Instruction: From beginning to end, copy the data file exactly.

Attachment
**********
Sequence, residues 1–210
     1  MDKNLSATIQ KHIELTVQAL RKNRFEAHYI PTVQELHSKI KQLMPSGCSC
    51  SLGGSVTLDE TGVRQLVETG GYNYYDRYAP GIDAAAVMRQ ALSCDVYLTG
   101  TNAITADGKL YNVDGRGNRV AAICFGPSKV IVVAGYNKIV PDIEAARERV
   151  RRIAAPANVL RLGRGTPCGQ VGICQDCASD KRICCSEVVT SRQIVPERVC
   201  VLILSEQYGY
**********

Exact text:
Sequence, residues 1–210
     1  MDKNLSATIQ KHIELTVQAL RKNRFEAHYI PTVQELHSKI KQLMPSGCSC
    51  SLGGSVTLDE TGVRQLVETG GYNYYDRYAP GIDAAAVMRQ ALSCDVYLTG
   101  TNAITADGKL YNVDGRGNRV AAICFGPSKV IVVAGYNKIV PDIEAARERV
   151  RRIAAPANVL RLGRGTPCGQ VGICQDCASD KRICCSEVVT SRQIVPERVC
   201  VLILSEQYGY